Reebok was known in its early days for step aerobics, being one of the first to manufacture the plastic gym step used in exercise classes.
As the brand expanded beyond fitness, it released the Reebok Pump trainer in 1989, cementing the brand’s status among athletes. But it didn’t hold its position, losing ground to rival Nike in the subsequent years.
Parent firm Adidas bought Reebok for €3.1 billion ($3.43 billion) in 2006, in a bid to boost its own US presence. Instead, the company oversaw declining sales at Reebok and has continually struggled to justify the acquisition.
At Adidas’s annual general meeting this year, investors called on CEO Herbert Hainer to sell off Reebok. As the architect of the sale, Hainer rejected the idea.
Reebok may have bounced back. Adidas’s latest quarter shows an improved performance overall, helped along by a massive injection of marketing budget in the US. But the brand lags behind rivals.
Sales for Reebok in Western Europe were up 17% year on year to €105 million ($116 million). By comparison, Nike made $1.3 billion in Western Europe over the same period across apparel, equipment and footwear.
Reebok has now parachuted a veteran US executive, Chris Froio, into the role of vice president for Western Europe to try and shatter "preconceived" notions about the brand across the region.
Froio was formerly based at Reebok’s Boston headquarters as the company’s vice president of training. He’s now relocated to Adidas’ home turf in Germany to oversee the brand’s relaunch in Europe.
Froio has been tasked with bringing Reebok’s "Be More Human" brand campaign, its biggest in a decade, from the US to Europe. Launched at the Super Bowl, the gritty ad shows everyday people doing alternative sports.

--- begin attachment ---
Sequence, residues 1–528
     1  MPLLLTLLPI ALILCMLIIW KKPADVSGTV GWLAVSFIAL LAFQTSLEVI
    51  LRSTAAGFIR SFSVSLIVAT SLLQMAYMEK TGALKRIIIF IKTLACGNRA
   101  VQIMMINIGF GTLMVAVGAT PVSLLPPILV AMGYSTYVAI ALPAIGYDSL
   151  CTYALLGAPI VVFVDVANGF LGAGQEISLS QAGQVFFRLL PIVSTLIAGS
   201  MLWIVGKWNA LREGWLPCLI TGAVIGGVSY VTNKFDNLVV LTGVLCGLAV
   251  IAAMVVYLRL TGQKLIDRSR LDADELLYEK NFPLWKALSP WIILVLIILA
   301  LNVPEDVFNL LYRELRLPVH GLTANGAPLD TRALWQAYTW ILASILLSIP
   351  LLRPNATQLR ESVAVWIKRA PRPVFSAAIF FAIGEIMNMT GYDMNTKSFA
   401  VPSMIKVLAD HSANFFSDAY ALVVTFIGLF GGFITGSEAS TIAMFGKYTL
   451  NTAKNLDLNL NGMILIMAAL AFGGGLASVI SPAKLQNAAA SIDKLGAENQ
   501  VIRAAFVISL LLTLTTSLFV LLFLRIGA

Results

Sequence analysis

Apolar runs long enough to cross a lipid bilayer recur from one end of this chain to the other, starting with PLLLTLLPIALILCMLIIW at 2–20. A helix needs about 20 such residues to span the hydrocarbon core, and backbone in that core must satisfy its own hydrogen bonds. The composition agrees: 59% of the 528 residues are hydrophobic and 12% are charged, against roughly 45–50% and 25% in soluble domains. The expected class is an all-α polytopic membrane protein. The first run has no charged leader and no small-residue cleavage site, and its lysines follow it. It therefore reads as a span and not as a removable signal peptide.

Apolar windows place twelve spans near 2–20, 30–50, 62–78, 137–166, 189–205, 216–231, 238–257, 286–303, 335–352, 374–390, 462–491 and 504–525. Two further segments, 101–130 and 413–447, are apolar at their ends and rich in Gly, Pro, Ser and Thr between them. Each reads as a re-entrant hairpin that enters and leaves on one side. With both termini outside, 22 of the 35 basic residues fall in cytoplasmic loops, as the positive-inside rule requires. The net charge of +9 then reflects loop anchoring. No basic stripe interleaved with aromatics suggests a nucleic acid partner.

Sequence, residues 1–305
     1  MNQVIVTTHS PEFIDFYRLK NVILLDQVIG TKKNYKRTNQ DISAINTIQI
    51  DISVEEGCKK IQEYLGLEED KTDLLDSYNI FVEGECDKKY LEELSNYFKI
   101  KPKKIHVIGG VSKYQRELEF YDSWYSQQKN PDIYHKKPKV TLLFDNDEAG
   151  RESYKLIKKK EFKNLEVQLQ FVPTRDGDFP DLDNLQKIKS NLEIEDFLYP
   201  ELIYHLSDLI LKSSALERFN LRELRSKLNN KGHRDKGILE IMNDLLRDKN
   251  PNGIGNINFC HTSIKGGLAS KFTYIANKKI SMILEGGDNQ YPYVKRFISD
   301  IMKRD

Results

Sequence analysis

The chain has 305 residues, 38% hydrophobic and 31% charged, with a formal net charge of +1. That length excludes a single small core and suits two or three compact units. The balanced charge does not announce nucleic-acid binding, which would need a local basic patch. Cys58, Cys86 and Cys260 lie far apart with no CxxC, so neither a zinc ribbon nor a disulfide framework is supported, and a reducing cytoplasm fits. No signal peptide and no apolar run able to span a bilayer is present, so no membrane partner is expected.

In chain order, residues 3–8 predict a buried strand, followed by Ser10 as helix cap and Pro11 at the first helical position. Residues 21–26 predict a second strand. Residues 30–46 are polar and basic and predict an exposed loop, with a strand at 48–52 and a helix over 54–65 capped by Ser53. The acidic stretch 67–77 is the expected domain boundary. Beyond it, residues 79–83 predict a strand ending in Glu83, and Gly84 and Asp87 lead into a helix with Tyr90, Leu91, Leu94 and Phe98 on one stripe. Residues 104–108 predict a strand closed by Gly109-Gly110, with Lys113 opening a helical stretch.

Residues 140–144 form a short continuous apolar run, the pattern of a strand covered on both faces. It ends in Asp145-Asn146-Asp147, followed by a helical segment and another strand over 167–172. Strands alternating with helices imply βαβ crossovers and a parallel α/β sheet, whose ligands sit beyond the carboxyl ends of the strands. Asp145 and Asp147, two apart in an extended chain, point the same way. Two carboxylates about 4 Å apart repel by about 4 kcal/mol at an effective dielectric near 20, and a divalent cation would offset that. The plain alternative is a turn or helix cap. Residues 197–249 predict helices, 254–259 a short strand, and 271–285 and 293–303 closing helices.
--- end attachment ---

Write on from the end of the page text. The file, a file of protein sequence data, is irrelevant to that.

"We’ve got a lot of money invested in 'Be More Human,' " Froio said. "We want to re-introduce Reebok’s brand to consumers across Europe who have preconceived notions about what our brand is about.
"Over the years, we’ve become many things to many people. For example, in the UK, we’re known as a football brand. We want people to know we have re-dedicated ourselves to fitness."
The valuable CrossFit partnership
To that end, Froio is promoting Reebok’s long-held partnerships with training program CrossFit, obstacle race Spartan, martial arts promoter UFC and fitness class provider Les Mills.
Reebok is the title sponsor and apparel, footwear and accessories provider for the CrossFit Games, which Froio says boosts the entire brand’s sales.
He said: "It’s focused on what you need when you’re in the CrossFit box, and it gives us engineering that enables the whole Reebok range to be successful.
"The CrossFit relationship is very successful from a profitability point of view and also [in terms of] breaking through."
The partnership is so valuable that CrossFit banned Nike’s MetCon 1 shoe from its games. Nike retaliated with an ad, featuring the tagline, "Don’t ban our shoe, beat our shoe." It also released a "banned" limited edition of the MetCon 1 shoe in the US earlier this month.
Froio is confident Reebok can hold its own against Nike’s products, even if the numbers say otherwise.
He said: "We believe our product will differentiate us and we’ll differentiate through our brand of fitness.
"We are thinking about partnerships, and integrating into [fitness] communities. We’re introducing consumers to new and exciting aspects of fitness."
A focus on women
One area where Froio claims Reebok is leading the charge is the women’s market. Several sports marketing campaigns have focused specifically on women, particularly in Europe.
Sport England’s "This Girl Can" made waves in January, while Nike unveiled the "Inner Thoughts" campaign three months later. In February, Puma’s CEO Bjorn Gulden said his company was increasingly focused on new markets, saying "the future is female."
Froio noted that the brand’s involved with Les Mills, which runs group exercise classes, has helped make Reebok female-friendly from its earliest days. He said most sports apparel firms are 70% focused on men, and just 30% on women, "and that’s at the high end."
He continued: "At Reebok, we are at 40% women’s already, and we aim to make it 50% of our overall business. We have more initiatives around women’s fitness coming."
Froio says Reebok will focus on getting its message out to a mass audience through above-the-line communications and some 150 sporting events through 2015.
There will be another major brand campaign in Germany from September, in an attempt to "win in the home court," Froio said.
This article first appeared on marketingmagazine.co.uk.